7 Ways to Effectively Connect With The Millennial Female When She Is Purchasing A Car

woman & car small


Of the 17.5 million new cars sold in the U.S. in 2015, millennials made up 27-percent, of which 53-percent (2.5 million) were women. Considering the average new car price of $33,000 in 2015, this translates to millennial women being responsible for approximately $80 billion in new car sales.

So, how much do you know about “her” when it comes to buying a car?

It’s not enough to simply understand women as a whole. To effectively reach the millennial female during the car buying process, you must be sensitive to how she differs from non-millennial females.

A recent study conducted by Women-Drivers.com sheds light on some of these similarities and differences.

  • While “excited/excitement” is the number one emotion both buyers felt while shopping for a car, millennials report “relaxed” as being number two, versus “apprehensive” for non-millennials (relaxed rates as #4 for non-millennials.) “Confident” is ranked fourth in millennials (sixth in non-millennials). When it comes to confident driving though, a lot of people found that they preferred to have something like a reversing camera for their car, as this made driving easier for them. If this is something that interests you then you might want to check out this backup camera 2019.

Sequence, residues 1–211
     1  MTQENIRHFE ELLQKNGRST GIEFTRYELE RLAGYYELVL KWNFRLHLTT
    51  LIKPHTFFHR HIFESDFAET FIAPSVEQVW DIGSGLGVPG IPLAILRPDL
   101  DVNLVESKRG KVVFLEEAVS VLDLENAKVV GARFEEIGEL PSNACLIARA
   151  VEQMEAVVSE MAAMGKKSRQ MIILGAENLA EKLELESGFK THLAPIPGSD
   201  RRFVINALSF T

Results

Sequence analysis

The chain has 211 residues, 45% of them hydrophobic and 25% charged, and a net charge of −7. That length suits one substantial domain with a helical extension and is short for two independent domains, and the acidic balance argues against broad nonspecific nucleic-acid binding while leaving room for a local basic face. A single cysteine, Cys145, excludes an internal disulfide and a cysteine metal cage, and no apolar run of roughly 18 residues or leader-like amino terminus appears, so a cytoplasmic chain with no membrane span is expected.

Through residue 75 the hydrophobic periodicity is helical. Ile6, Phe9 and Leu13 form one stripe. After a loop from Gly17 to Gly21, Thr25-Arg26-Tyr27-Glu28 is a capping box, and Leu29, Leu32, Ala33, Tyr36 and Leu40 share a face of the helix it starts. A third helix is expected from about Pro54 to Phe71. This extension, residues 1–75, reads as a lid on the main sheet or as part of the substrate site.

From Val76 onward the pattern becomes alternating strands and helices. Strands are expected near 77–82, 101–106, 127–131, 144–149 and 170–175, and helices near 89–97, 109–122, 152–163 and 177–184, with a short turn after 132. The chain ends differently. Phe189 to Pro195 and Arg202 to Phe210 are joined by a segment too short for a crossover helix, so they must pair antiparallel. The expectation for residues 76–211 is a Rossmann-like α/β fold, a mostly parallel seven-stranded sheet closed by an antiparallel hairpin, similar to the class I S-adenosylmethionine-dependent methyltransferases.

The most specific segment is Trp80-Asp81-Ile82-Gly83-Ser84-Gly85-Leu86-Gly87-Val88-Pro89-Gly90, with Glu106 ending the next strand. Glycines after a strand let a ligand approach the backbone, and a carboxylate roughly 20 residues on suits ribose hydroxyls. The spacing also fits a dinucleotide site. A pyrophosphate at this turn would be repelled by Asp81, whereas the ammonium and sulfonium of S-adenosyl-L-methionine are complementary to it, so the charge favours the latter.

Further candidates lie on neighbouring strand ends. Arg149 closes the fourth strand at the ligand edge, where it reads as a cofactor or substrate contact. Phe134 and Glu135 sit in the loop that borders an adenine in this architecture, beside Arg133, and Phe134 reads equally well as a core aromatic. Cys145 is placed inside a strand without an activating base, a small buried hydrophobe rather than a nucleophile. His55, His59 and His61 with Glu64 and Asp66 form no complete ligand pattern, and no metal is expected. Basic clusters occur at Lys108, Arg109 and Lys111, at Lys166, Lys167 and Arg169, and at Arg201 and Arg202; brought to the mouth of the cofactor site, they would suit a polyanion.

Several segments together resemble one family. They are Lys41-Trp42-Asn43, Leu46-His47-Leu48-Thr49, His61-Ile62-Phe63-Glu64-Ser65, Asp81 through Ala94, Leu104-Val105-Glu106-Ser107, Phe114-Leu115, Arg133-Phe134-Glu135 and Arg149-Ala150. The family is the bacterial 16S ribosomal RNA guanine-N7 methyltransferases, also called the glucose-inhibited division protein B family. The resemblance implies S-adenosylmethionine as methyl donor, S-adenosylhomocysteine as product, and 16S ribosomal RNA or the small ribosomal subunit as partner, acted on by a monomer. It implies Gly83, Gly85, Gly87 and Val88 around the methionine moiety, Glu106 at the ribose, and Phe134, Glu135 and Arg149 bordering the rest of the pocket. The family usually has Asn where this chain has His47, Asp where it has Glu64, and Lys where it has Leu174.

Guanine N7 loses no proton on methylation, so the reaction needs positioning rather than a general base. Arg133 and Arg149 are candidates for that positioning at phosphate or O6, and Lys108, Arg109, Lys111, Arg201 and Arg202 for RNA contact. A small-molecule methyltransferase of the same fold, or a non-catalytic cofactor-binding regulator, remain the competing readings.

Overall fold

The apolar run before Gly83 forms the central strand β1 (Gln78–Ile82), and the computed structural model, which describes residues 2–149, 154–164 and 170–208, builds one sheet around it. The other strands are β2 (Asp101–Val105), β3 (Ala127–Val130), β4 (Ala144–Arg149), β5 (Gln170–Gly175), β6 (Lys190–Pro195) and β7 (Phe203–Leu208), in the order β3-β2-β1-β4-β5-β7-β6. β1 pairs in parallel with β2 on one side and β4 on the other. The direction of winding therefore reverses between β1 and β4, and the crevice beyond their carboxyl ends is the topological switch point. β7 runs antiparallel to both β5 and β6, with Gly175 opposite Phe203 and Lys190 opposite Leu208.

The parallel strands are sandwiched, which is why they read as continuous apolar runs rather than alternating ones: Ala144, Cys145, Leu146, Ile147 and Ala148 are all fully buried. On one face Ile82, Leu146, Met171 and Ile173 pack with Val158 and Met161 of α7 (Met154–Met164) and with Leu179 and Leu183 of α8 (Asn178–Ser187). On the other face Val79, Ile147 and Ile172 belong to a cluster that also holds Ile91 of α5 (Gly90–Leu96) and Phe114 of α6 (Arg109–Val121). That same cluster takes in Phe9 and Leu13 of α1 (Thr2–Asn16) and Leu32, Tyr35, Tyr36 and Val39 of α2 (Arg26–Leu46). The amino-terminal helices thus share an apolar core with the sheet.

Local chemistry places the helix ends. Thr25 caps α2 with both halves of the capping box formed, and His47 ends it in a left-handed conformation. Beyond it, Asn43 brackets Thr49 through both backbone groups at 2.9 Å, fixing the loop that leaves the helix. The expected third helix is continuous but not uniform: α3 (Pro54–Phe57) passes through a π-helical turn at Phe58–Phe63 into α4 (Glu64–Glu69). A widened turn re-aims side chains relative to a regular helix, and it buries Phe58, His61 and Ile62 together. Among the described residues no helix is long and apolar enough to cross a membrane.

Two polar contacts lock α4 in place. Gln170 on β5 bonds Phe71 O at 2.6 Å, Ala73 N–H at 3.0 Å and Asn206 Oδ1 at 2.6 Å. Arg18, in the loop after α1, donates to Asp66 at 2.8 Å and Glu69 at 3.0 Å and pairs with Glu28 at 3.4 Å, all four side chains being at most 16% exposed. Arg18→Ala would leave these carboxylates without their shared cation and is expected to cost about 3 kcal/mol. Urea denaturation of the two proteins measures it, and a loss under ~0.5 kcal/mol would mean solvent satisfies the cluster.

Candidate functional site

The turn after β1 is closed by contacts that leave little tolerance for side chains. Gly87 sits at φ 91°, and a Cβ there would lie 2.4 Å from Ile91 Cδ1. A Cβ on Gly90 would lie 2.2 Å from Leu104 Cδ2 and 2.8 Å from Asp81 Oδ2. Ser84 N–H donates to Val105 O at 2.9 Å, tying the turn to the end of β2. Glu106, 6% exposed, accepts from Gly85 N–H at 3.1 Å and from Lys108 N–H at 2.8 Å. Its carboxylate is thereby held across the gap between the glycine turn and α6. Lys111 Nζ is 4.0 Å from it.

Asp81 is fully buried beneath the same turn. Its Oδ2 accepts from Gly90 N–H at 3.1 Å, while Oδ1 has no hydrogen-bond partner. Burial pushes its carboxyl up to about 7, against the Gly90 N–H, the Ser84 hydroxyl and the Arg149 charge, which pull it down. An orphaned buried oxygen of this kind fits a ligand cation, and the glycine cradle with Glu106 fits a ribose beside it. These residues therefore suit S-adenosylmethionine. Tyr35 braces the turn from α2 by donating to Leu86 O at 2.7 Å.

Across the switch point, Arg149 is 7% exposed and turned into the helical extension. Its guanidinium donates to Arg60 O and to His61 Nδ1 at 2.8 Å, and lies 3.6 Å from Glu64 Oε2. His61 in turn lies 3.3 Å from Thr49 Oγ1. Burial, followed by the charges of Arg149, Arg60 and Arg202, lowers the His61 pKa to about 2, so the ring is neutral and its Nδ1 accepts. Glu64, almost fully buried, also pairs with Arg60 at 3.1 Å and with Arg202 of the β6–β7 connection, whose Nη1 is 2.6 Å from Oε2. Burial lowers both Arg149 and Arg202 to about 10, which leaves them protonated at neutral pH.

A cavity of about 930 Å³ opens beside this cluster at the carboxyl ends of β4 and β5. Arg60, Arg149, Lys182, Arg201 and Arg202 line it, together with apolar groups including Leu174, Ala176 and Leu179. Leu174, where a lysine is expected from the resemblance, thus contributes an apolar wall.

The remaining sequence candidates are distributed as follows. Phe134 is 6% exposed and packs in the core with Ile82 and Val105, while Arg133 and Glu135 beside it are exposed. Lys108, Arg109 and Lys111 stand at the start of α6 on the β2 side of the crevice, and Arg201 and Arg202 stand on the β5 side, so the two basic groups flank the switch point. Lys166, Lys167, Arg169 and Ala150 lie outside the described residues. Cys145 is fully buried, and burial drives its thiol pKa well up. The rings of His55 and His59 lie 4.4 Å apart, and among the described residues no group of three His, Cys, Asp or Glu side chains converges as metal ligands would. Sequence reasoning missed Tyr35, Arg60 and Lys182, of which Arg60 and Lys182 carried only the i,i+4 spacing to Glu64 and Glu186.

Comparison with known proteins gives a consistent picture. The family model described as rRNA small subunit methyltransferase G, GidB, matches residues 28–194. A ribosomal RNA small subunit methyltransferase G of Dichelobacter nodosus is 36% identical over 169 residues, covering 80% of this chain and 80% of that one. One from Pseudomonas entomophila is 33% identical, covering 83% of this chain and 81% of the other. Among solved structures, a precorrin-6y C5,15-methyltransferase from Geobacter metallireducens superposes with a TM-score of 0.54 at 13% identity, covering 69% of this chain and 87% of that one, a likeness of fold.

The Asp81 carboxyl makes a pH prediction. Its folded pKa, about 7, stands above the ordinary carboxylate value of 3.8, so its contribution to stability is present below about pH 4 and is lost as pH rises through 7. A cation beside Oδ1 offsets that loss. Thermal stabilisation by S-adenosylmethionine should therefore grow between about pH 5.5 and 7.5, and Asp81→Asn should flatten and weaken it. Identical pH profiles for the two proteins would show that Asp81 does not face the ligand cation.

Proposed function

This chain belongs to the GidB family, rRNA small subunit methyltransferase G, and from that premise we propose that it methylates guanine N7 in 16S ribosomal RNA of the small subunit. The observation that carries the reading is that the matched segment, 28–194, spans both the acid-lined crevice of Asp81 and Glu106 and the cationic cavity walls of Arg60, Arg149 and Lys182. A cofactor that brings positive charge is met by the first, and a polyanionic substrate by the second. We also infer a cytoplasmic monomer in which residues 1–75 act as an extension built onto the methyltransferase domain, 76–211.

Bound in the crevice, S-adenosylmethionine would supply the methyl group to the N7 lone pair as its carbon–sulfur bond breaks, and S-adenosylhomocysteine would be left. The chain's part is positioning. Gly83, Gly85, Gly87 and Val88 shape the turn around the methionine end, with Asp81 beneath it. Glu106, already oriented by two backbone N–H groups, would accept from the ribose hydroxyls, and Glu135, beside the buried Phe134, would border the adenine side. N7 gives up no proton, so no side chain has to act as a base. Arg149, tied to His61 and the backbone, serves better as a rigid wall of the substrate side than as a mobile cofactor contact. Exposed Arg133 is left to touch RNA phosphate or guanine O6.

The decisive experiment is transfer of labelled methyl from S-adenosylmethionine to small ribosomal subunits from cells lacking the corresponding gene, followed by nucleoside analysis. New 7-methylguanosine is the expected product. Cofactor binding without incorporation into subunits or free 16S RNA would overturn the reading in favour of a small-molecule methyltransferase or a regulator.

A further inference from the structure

• “Trustworthiness” and “respect” are ranked #1 and #2 for millennials’ reason to buy cars from a sales advisor. “Understanding” replaces “knowledgeable” as #3.
  • Millennials travel farther to purchase a car and are less likely to shop at the dealership closest to their home. This group traveled 21.5 miles (vs. 15.4 miles for non-millennials.)
  • “Style and Design” and “Color” rank high in the millennials top factors for purchasing. While price is still the top factor in choosing a particular car, “style and design” ranks #2 and “color” ranks #4 after “brand and model’s reputation.”
  • In the service area, a courtesy/overnight vehicle ranks number one for both millennials and non-millennials, but a wireless connection and café rank second and third.
  • One in four millennials (vs. one in five non-millennials) read car dealer reviews prior to visiting the dealership. 44% (vs. 34.5%) visited the dealer’s Facebook page and 67.5 (vs. 57.5) “liked” the dealer’s Facebook page.

Seven take-aways from the study that could improve your sales immediately:

  1. Understand and respect her confidence to gain her trust.
  2. Assume she is knowledgeable about what she wants. She has done her homework.
  3. Ask questions specific to her wants and needs and then, LISTEN.
  4. Respond truthfully. She is savvy enough to get online immediately to access information.
  5. Guide her through the process without making her feel pressured. Talk to her about things like maintanence, car insurance, fuel consumption, etc, to make sure she understands.
  6. Understand the importance she places on the design and style, as well as the functional features.
  7. Develop a relationship with her online through your social channels if given the opportunity.

For more information on the study, click here.


Stephanie Holland, founder and author of She-conomy® and agency owner for more than 30 years also served as the Executive Creative Director. Working in an industry that is dominated by men, she is one of only 3% of the female creative directors in the country. SUBSCRIBE TO SHE-CONOMY

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